UK ICO Releases Draft Direct Marketing Code of Practice for Public Consultation

On 8 January 2020, the UK’s Information Commissioner’s Office (ICO) published a draft Direct Marketing Code of Practice (Draft Code) for public consultation. The Draft Code is intended to update existing guidance published pre-GDPR and provide clarity on certain important issues.

Summarised below are the key takeaways from the Draft Code:

Service messages: According to the Draft Code, consent is not required under the Privacy and Electronic Communications Regulation (PECR) where an organisation sends service or operational messages to individuals (e.g., a message informing a user they are approaching their monthly data limit). When determining whether a communication is a service message, key factors such as the tone, phrasing and context of the message will be taken into consideration. Importantly, an organisation will not avoid the direct marketing rules by using a neutral tone. For example, a message from a supermarket chain sent to an individual saying ‘Your local supermarket stocks carrots’ is clearly still promotional despite the use of a neutral tone. The ICO confirms that where a service message includes promotional elements the marketing rules apply, even if promotion is not the primary purpose for the message.

Dual branding promotion: Where an organisation partners with a third party to deliver electronic communications, both parties will need to comply with PECR irrespective of whether it has access to the data used.  The ICO gives the example of a supermarket sending out a marketing email promoting a charity it supports. Although the supermarket is not passing customer contact details to the charity, both the supermarket and the charity each need to ensure customers have provided valid consent to receive direct marketing in relation to the charity.

Data protection impact assessment (DPIA): Where an organisation wants to carry out ‘large scale profiling’, ‘wealth profiling’ or target children for marketing profiling, then a DPIA must be completed before the commencement of such activities. In addition, the ICO requires DPIAs be carried out before commencing any major new project involving the use of personal data, and when using new technology, profiling, data matching, invisible processing, using location data or behaviour of individuals (for example, online advertising, web and cross device tracking, tracing services) or when running loyalty schemes.  In carrying out DPIAs in a marketing context, organisations must be able to: (i) describe the nature, scope, context and purposes of the processing; (ii) assess necessity, proportionality and compliance measures in place; (iii) identify and assess risks to individuals; and (iv) identify any additional measures to mitigate those risks. The ICO suggests that it is likely that all direct marketers will need to carry out a DPIA and that this will bring financial and reputable benefits and build trust with individuals.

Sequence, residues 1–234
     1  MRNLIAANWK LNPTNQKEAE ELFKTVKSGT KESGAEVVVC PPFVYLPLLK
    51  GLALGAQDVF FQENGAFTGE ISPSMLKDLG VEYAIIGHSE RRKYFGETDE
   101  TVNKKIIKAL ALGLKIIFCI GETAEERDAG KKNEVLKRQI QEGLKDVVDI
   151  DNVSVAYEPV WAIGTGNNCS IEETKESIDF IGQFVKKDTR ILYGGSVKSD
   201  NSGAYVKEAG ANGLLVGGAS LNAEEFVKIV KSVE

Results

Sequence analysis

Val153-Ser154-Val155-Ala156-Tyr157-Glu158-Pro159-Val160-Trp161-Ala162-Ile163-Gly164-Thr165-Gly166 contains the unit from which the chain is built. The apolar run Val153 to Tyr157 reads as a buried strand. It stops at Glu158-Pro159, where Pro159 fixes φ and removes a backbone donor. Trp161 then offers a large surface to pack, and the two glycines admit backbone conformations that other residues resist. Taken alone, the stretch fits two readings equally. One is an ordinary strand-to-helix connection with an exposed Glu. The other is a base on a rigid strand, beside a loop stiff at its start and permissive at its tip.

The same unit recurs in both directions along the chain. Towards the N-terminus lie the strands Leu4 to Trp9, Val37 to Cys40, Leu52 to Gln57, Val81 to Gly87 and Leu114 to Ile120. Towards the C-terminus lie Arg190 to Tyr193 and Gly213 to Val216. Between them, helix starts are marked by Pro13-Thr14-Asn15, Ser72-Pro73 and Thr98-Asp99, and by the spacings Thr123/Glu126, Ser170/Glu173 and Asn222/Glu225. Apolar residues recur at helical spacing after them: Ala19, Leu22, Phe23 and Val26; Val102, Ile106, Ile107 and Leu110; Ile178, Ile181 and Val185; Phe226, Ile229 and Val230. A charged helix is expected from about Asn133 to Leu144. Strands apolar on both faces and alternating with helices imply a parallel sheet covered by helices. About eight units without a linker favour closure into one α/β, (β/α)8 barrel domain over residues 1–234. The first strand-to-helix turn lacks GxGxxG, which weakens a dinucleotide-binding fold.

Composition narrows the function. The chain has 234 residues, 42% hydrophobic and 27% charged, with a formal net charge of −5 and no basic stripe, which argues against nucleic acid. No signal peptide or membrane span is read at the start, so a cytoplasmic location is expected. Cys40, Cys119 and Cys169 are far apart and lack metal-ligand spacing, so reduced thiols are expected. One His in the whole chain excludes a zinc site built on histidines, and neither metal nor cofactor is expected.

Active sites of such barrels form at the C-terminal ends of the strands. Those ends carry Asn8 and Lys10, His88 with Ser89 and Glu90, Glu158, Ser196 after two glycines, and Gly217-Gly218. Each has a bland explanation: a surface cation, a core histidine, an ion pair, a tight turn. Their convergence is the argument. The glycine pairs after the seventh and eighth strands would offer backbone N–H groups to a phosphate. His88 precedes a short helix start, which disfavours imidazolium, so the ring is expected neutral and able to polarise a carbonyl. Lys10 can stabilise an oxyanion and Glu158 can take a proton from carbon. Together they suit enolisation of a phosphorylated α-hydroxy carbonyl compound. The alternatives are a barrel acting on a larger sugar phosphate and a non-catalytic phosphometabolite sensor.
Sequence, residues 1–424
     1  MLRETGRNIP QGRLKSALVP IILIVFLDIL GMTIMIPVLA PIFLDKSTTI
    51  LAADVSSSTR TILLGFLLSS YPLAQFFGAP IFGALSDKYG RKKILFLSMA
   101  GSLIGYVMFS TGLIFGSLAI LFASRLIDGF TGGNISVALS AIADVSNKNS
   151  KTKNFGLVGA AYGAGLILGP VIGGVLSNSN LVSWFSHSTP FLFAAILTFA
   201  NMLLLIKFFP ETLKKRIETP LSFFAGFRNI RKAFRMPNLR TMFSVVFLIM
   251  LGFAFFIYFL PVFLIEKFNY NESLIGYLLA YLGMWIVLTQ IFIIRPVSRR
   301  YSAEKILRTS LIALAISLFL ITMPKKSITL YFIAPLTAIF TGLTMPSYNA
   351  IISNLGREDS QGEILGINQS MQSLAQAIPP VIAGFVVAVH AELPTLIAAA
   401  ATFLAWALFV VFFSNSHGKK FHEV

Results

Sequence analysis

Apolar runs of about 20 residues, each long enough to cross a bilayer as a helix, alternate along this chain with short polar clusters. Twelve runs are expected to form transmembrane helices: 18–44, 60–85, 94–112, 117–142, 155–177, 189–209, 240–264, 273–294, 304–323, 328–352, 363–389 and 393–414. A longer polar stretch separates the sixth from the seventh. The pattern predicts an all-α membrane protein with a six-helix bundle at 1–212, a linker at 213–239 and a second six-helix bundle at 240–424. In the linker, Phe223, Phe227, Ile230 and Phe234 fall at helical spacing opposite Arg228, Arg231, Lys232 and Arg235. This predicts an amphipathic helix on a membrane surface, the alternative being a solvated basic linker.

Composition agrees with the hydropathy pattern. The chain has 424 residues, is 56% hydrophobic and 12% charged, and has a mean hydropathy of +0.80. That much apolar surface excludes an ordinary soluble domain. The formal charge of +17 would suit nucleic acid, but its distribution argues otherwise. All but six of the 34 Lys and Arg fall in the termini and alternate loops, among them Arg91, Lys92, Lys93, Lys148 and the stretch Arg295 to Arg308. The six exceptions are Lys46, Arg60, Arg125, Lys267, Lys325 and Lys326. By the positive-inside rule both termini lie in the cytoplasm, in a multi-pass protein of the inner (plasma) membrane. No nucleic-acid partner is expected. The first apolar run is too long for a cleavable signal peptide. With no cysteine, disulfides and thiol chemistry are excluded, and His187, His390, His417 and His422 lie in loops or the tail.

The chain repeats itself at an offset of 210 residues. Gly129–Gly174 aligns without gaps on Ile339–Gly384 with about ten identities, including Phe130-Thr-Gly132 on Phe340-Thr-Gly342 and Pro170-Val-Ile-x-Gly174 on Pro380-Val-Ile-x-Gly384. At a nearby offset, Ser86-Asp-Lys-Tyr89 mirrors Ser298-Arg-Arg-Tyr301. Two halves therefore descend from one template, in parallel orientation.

Lawful basis for direct marketing: The two lawful bases for direct marketing under the GDPR are consent and legitimate interests. However, the Draft Code confirms that if consent is required under PECR, it will also be the relevant legal basis under the GDPR.


  • Obtaining consent: According to the ICO, it is good practice to obtain GDPR-standard consent for all direct marketing regardless of whether PECR requires consent.
  • Duration of consent: The Draft Code states that organisations that obtain consent from individuals via a third party can only rely on such consent provided it was obtained from the individual within the prior six months.